Unfortunately for homes in community associations, delays in the foreclosure process do not prevent the home from accumulating costs. The primary function of the Homeowners Association is to preserve the value of the homes in the community. Allowing the home to fall into disrepair breaks the contract for the entire neighborhood. Many HOAs have gone so far as performing regular preventive maintenance on the abandoned homes (such as mowing lawns, cleaning gutters and power washing). Compound that by the lost income of the regular assessments used to maintain common areas in the association, a cost which must be made up by the other members of the association.
In other words, one abandoned home in a community represents a serious financial commitment by the other homeowners in the HOA. HOAs simply cannot afford to wait until lenders get their act together.
Enter the super-priority lien, an option that allows community associations in these states an opportunity to recover these vital costs, even over the primary lender. But the FHFA disagrees, and this is why the president of CAI is steaming mad:
In one case, Fannie Mae’s servicers failed to respond to legal service of process and, despite mandatory notification pursuant to Nevada law, failed to appear at a foreclosure auction to protect Fannie Mae's financial interests," Skiba continued. "It says a lot about FHFA priorities that the agency now is suing to recoup Fannie Mae's losses from the pockets of community association homeowners, rather than suing servicers for breach of contract. Someone must stand up for homeowners and that’s what CAI will continue to do."
- CAI: FHFA Move Threatens Associations & Owners
While we can expect to see lawsuits on this issue for several years to come, one state to watch is Nevada, where a recent decision by the Nevada Supreme Court seems to be in agreement that it is the lenders who are at fault here, not the HOAs. In a opinion filed September 18, 2014, the court had this to say:
U.S. Bank's final objection is that it makes little sense and is unfair to allow a relatively nominal lien—nine months of HOA dues—to extinguish a first deed of trust securing hundreds of thousands of dollars of debt. But as a junior lienholder, U.S. Bank could have paid off the SHHOA lien to avert loss of its security; it also could have established an escrow for SHHOA assessments to avoid having to use its own funds to pay delinquent dues. 1982 UCIOA § 3-116 cmt. 1; 1994 & 2008 UCIOA § 3-116 cmt. 2. The inequity U.S. Bank decries is thus of its own making and not a reason to give NRS 116.3116(2) a singular reading at odds with its text and the interpretation given it by the authors and editors of the UCIOA."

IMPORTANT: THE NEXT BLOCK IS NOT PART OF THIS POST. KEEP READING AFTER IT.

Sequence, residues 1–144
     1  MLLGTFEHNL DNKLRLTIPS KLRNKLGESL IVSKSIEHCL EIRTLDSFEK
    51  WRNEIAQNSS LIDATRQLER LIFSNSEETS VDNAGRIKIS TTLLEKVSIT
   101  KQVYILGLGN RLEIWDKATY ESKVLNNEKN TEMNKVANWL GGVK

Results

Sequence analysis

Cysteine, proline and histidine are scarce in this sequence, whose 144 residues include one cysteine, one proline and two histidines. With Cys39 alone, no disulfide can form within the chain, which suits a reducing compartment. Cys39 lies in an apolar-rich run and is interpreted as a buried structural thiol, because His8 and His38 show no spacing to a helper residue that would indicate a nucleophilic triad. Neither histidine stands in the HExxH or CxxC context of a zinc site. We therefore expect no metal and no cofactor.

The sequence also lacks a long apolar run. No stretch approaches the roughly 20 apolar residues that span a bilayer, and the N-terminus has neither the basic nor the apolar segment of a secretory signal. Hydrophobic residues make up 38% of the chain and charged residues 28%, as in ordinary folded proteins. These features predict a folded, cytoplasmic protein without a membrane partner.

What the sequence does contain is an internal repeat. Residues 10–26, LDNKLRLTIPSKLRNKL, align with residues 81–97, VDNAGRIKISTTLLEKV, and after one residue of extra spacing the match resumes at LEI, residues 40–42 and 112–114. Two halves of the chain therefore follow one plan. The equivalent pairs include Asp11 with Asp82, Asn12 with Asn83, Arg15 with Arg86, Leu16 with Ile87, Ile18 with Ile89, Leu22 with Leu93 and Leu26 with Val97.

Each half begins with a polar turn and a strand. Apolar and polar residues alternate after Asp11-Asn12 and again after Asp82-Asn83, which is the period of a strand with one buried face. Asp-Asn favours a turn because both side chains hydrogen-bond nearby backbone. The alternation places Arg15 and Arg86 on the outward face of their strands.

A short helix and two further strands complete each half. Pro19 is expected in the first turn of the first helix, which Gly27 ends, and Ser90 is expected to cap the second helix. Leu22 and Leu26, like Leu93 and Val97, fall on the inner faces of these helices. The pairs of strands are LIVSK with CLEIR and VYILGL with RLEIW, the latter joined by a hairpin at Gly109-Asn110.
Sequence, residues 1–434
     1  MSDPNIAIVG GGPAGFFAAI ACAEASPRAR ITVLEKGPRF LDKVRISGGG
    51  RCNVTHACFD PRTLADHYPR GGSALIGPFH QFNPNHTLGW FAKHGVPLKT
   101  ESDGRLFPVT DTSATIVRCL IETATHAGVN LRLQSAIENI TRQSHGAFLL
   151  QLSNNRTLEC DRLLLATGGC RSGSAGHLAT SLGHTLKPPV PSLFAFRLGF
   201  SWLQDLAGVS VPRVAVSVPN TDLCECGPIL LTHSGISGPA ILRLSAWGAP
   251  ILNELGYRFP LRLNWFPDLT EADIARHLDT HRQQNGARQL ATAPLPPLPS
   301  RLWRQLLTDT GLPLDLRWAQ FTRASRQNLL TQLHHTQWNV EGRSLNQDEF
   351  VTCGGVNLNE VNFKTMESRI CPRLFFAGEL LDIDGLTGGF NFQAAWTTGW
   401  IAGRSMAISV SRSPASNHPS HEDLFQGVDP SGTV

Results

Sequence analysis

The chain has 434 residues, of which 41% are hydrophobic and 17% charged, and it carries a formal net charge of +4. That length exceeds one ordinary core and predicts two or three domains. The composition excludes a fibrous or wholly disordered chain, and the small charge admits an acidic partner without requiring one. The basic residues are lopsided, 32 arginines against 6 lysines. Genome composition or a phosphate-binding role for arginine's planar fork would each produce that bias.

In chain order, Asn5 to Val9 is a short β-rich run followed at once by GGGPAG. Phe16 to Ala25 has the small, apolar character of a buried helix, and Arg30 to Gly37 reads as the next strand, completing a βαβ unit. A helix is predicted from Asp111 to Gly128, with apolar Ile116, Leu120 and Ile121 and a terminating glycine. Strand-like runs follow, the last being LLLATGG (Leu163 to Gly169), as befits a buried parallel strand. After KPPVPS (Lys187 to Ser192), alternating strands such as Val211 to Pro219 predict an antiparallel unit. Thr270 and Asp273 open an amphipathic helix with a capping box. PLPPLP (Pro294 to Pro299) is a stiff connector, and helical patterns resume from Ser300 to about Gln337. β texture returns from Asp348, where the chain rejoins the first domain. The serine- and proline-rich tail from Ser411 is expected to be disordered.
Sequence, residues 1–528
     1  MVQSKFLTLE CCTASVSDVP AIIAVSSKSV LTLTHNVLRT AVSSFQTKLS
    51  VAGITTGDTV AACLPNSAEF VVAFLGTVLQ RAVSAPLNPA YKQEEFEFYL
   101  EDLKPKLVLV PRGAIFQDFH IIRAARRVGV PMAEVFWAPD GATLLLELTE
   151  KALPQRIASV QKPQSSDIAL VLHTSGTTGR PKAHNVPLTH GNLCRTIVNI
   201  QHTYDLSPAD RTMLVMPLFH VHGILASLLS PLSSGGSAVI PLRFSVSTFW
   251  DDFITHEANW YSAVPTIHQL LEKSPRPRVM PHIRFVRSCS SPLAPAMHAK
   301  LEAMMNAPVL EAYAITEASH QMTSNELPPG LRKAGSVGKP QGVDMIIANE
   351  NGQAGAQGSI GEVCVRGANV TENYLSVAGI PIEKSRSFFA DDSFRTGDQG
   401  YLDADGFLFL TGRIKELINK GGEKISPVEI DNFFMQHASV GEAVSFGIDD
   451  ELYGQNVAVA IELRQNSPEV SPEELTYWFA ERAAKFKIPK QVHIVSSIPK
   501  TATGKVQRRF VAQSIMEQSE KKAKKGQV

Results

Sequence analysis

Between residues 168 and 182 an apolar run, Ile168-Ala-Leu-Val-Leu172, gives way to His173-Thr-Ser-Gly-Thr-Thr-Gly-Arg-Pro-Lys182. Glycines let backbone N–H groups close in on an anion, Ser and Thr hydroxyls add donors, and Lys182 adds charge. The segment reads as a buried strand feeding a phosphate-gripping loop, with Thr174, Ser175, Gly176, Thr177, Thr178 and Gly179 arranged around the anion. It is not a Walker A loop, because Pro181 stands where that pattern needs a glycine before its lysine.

- Nevada Supreme Court, SFR Invs. Pool 1, LLC v. U.S. Bank, N.A.
It's easy to see why the bank in this case felt that the issue 'made little sense'. After all, their loan amount was for $880,000 whereas the HOA's lost fees amounted to less than $10,000. However, as the justices stated, all legal process was followed by the HOA and the bank had been notified on several occasions. Plenty of opportunity was given to the bank to protect their investment and they did not avail themselves of it. Therefore, according to the Nevada supreme court, the problem was of the bank's own making, and no fault of the HOA.
Now that they are losing money, lenders are taking action, the FHFA is right with them. The battle lines are drawn and the vultures are circling. Hopefully, this battle will have a peaceful resolution, where everyone gets what they are due. Until then, we will continue to have hope that lenders will simply do what they should have done from the beginning, and faith that the courts have everyone's best interests at heart.